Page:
We passed by again in the evening, on the way to Age & Sons, and noticed that the restaurant was barely half full. Which was interesting when compared to the completely full Age & Sons, which attracts exactly the type of clientel that Harveys are trying to target.
How the AA could award Harveys with “The only AA Rosette in Thanet” is beyond me. There are more deserving restaurants in Thanet, such as Age & Sons. It was also disconcerting to read the description of Harveys in toptable, it used words like “steller seafood” and intimated that Celebrity Chef John Burton Race was involved in the cooking. I am pretty sure he is not.
After two visits now, our conclusion was that Harveys would be an ideal candidate for another Celebrity Chefs TV show – Ramsay’s Kitchen Nightmares.
It’s great that so much money has been invested in Ramsgate, which does really need a good fish restaurant. We just don’t feel the investment has been made in the kitchen where it really counts. It’s also good to know we are not alone in our views, as I have spotted a couple of reviews now that use words like “Dire” to describe the food in Harveys. So unless there are some major changes here, Harveys can relax as we won’t be reviewing them again.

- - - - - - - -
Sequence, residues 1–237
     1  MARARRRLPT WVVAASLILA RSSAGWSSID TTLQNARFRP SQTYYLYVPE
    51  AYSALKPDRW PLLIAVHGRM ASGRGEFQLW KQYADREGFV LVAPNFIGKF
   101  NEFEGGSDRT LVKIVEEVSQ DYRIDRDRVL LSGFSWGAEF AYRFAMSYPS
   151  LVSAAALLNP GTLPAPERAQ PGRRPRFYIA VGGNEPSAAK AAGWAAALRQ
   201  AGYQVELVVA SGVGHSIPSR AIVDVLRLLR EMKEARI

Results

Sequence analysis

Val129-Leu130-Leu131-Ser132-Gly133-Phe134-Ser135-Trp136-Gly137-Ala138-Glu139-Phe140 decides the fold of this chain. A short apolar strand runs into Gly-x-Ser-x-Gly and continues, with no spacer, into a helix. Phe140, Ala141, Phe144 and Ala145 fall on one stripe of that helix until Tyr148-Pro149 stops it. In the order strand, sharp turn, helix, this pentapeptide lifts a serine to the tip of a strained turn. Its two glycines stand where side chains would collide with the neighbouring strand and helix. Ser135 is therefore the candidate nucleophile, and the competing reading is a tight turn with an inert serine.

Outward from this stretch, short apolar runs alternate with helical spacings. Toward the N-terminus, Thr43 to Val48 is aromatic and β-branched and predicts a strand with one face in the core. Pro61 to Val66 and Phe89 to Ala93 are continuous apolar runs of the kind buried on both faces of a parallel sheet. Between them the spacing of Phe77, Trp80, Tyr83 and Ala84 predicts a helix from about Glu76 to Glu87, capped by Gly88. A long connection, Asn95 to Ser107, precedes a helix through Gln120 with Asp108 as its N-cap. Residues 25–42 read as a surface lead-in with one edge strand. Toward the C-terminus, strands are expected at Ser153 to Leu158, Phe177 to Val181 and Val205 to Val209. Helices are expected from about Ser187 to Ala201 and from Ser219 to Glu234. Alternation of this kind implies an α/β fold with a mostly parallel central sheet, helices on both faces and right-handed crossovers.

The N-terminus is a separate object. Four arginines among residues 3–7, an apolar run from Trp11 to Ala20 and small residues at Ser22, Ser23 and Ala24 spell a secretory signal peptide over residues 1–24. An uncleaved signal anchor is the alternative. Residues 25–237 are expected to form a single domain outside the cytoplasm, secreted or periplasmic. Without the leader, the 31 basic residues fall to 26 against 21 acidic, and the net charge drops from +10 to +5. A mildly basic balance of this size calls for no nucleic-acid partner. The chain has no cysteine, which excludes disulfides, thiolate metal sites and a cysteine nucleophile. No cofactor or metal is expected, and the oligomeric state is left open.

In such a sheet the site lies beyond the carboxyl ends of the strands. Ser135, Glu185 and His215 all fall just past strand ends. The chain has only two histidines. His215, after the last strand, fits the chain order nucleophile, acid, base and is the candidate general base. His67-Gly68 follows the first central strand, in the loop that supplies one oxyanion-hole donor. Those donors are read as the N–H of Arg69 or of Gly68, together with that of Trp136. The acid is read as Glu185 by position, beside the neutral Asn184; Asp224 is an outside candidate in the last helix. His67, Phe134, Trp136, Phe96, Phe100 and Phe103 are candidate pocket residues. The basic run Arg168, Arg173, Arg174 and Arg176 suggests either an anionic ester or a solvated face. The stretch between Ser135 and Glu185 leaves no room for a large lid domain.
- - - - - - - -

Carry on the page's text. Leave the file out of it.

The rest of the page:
No Expert has just hit the 100th post mark, so for that milestone rather than single out a restaurant, this post focuses on an issue that impacted on a number of our restaurant choices and that is can we trust Michelin Star and AA Rosette ratings alone.
I know there is a lot of debate over how accurate the Michelin star rating system is. I believe we have been to enough Michelin starred restaurants to give an opinion on the subject. Basically the problems seem to be inconsistency and big name restaurants hanging on to stars they no longer merit. The Michelin star rating seems to be about as reliable as the S.Pellegrino World’sBestRestaurants list, i.e., not reliable at all.
The rating system definition for Michelin stars is:-
1 star – A very good restaurant in its category
2 stars – Excellent cooking, worth a detour
3 stars – Exceptional cuisine, worth a special journey
We have been to some 3 star and 2 star Michelin restaurants that are not in the same class as 1 star restaurants. Compare Tom Aikens to The Waterside Inn for example.
The 5 AA Rosettes award however does seem to match our tastes. The ones on the list in England for example are among our all time favorite restaurants.
The rating system definition for 5 AA Rosettes :-